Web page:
Will You Fall for the Layaway Trap This Year?
Walmart's annual layaway program kicked off on Sept. 16 in 2012, Sept. 13 in 2013, and Sept. 12 in 2014. This year it rolled out on Aug. 28. Clearly, the world's largest retailer wants you to commit your holiday spending to Walmart as early as possible this summer, but that alone should make you skeptical.
Layaway is a noble concept in theory, giving shoppers the ability to prepay for merchandise through installment payments until it is paid in full by mid-December, but let's not kid ourselves: Layaway is often more about the retailer than the shopper.
The Dark Side of Layaway
Walmart used to charge shoppers $5 to open a layaway program. That initiation charge was done away with in 2013, but the retailer decided to reintroduce a $10 cancellation fee that it had eliminated a year earlier.
That cancellation fee is still in place for anyone who doesn't fully pay and pick up an order by Dec. 14. Payments made up to that point will be refunded after subtracting the $10 cancellation fee. That would be adding insult to injury, but it's not the only reason that going the layaway route could be a losing proposition.
Deciding what you want to buy as early as August is problematic. We still don't know what the hot holiday toys will be this season. Walmart kicked off this year's layaway program a whole week before the new "Star Wars: A Force Awakens" merchandise was unveiled and nearly two weeks before Apple's (AAPL) big product release event. Who knows how many cool wearable cameras, video games and licensed products will hit stores closer to the actual holiday shopping season?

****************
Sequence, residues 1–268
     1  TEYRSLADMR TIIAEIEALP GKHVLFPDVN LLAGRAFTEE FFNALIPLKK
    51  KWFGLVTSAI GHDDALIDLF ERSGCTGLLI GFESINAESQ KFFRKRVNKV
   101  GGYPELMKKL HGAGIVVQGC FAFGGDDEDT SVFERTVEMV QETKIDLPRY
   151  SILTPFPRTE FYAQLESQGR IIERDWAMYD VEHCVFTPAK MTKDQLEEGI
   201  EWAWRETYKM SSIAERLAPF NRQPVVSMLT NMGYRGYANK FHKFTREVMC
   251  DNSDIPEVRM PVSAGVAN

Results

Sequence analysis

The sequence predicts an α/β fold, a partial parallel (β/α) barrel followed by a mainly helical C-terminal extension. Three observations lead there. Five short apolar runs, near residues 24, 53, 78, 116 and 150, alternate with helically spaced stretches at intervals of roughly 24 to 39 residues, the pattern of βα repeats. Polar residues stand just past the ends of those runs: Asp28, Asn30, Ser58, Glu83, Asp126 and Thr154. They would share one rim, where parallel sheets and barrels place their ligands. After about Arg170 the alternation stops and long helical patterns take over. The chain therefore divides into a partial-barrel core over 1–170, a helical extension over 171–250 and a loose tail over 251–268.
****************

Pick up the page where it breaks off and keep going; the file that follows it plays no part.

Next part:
One shouldn't need layaway. Tucking away that money under the mattress and having greater freedom to shop around -- in terms of both products and pricing -- has to be the smarter way to go. Sure, Walmart and most layaway-offering chains will match competitors' prices, but isn't it better to actively seek out those deals instead of handing your money to a retailer for months? What happens if you lose your job, your roof leaks or a medical emergency comes up, forcing you to reconsider how much you can spend on gifts this year?
There's a stigma to layaway, but it would be out of line to call it a poor tax. It's not as predatory as advance payday loans that are tagged with ridiculous borrowing costs. Then again, the money is going the other way in layaway. You pay high interest rates at advance-payday and check-cashing establishments to get your money early, but Walmart isn't paying the layaway shopper interest on the money that they are holding for months before having to deliver the purchased merchandise.
The bottom of your mattress isn't going to be paying you interest on your money either, but at least you'll be sleeping better at night knowing that you have greater flexibility in how you will ultimately allocate your holiday shopping.
Motley Fool contributor Rick Munarriz has no position in any stocks mentioned. The Motley Fool owns and recommends Apple. Try any of our Foolish newsletter services free for 30 days. Check out The Motley Fool's one great stock to buy for 2015 and beyond.